Pan-European equities had a strong week, as UK equities returned 1.9% (MSCI United Kingdom), while the rest of Europe (MSCI Europe ex-UK) gained 1.3%. US equities were more subdued as the S&P 500 rose just 0.2% on the week, and it was a similar story in Japan where equities returned 0.6% on the TOPIX index measure. The MSCI Emerging Markets index also returned 0.6%.


Core sovereign bond yields were down overall on the week, with most falling in sympathy with gilts following the BoE output before bouncing to varying degrees on Friday after US NFPs. By the close on Friday, 10-year UK gilt yields were down 4 basis points (bps) on the week to close at 1.18%, equivalent US treasuries were down 3 bps to 2.26% and 10-year German bund yields had slipped 7 bps to 0.47%.


Oil was relatively unchanged with Brent crude ending the week at US$52.42 per barrel. Copper was in a similar situation, barely changed at US$2.89 per lb. Gold was weaker and finished at US$1,258.88 per ounce, mostly caused by a sharp move down after the NFPs on Friday.


Sterling slipped across the board after the BoE releases, whilst the euro continued to strengthen. Sterling ended the week at US$1.30, €1.11 and ¥144.

The week ahead

After last week’s activity, there is a bit of a lull this week. China releases trade data on Tuesday, including import and export data, as well as Foreign Direct Investment, with inflation data out on Wednesday. In the UK, Industrial Production figures are released on Thursday, with another contraction expected at -0.1% yoy from -0.2% previously. US CPI inflation is out on Friday (an increase from 1.6% to 1.8% is expected). The daily breakdown is:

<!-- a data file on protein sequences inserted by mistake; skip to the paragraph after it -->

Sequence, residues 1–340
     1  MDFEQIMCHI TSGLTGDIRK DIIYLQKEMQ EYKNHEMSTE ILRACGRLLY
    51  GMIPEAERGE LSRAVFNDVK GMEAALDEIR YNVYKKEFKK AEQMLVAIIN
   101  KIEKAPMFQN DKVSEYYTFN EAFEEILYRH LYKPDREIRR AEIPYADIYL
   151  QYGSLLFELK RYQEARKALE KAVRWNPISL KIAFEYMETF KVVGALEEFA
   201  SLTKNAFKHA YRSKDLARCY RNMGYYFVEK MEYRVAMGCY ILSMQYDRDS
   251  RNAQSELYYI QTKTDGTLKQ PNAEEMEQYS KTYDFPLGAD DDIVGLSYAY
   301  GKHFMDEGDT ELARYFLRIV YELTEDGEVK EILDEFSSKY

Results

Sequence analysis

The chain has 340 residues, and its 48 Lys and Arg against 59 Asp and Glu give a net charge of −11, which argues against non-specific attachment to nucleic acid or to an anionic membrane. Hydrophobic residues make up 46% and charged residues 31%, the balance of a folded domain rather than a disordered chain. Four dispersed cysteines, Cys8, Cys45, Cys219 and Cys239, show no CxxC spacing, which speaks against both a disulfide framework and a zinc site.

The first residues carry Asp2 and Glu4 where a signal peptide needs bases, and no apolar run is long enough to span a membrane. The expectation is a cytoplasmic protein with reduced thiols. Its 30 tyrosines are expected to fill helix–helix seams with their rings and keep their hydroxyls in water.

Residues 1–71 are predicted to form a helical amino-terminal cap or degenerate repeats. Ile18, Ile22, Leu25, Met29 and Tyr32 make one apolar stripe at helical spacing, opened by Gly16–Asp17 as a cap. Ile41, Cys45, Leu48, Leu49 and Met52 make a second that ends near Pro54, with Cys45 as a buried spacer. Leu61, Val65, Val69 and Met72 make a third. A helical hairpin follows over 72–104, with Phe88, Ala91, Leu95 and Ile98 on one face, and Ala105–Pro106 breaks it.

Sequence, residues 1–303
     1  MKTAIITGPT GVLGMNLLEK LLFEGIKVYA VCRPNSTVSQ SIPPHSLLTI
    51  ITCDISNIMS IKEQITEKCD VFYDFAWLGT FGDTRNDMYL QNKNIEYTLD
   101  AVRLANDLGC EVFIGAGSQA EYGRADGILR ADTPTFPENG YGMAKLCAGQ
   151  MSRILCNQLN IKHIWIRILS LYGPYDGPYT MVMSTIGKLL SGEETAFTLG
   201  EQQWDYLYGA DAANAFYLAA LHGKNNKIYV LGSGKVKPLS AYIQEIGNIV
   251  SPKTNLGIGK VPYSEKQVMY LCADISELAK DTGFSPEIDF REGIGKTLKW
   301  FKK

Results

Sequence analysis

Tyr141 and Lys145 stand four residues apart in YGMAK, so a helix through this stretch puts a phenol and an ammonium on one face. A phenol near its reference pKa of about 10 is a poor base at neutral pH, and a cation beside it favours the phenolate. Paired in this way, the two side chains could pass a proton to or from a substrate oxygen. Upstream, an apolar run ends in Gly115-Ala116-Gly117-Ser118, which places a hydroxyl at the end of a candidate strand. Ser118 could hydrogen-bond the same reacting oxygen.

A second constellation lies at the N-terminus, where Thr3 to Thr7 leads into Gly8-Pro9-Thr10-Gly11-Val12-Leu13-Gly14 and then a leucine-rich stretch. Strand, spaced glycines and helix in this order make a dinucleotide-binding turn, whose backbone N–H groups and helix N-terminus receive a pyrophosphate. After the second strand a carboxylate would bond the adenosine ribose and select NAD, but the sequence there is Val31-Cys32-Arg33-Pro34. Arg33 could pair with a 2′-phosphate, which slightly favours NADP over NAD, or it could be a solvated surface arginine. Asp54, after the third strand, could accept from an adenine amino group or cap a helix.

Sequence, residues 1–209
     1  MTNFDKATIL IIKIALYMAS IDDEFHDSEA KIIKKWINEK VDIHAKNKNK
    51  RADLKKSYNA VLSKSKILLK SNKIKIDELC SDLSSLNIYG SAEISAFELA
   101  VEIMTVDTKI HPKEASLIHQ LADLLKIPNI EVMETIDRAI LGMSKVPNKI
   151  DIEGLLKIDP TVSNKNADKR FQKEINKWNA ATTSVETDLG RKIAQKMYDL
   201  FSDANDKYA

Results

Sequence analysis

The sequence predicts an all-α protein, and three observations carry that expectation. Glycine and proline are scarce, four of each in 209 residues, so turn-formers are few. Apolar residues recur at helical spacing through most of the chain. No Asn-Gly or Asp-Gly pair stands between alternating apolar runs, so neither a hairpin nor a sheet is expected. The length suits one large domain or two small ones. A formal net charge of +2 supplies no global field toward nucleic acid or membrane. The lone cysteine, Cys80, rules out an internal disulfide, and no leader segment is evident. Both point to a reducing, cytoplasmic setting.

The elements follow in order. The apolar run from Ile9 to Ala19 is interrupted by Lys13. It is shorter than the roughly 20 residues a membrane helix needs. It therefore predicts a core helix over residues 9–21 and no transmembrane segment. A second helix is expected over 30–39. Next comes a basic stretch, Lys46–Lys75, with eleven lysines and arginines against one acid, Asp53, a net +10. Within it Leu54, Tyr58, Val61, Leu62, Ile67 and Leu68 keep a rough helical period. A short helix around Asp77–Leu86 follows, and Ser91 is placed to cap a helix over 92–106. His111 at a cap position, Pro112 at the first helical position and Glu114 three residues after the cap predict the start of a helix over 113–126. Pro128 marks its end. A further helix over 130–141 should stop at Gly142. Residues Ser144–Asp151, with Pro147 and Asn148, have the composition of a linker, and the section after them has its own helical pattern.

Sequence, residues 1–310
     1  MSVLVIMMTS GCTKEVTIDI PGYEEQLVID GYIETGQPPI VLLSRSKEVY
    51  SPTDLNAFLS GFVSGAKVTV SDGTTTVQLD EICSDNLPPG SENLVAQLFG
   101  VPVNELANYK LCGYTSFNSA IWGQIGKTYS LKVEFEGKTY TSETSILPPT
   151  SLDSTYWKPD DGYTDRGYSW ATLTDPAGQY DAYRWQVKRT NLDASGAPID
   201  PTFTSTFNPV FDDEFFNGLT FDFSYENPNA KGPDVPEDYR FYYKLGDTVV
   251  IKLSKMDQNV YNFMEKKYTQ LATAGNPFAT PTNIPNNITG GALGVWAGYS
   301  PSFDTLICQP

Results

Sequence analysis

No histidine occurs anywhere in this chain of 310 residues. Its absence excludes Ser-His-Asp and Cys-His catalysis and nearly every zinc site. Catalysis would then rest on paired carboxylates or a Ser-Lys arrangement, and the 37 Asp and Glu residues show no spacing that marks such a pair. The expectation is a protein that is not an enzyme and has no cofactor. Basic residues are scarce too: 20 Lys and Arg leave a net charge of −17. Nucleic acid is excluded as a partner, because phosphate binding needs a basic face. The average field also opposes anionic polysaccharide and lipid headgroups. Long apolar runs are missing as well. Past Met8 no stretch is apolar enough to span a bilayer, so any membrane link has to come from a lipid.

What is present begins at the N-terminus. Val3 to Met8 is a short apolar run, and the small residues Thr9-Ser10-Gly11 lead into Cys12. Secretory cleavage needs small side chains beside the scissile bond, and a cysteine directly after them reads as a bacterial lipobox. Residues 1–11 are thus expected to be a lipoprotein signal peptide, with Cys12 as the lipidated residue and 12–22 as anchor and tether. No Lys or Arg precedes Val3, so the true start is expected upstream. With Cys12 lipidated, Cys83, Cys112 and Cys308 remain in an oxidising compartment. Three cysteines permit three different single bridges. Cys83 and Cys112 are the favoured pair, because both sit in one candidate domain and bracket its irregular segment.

Monday: Japan releases the Leading Indicator and Coincident Index economic gauges early in the morning, and then US Consumer Credit data are released later in the day.

Tuesday: Just after midnight, the British Retail Consortium releases sales data, which will be followed by data out of Japan, including the latest balance of payments and bank lending activity as well as the Eco Watchers economic survey. The afternoon has JOLTS Job Openings data, before the Chinese trade data mentioned above.

Wednesday: Chinese CPI in the morning is expected to remain unchanged at 1.5% yoy, whilst the afternoon sees official Q2 data from the US estimating productivity and labour costs.

Thursday: More data is released from Japan, including Machine Orders, the Tertiary Industry Index and PPI. After UK Industrial Production (covered above), the US releases Initial Jobless Claims numbers and PPI data.

Friday: CPI data from the US are the main data of note at the end of the week. As well as the headline rate, the Core figure will be closely watched, with forecasts for no change at 1.7% yoy.


This article was previously published on Tilney prior to the launch of Evelyn Partners.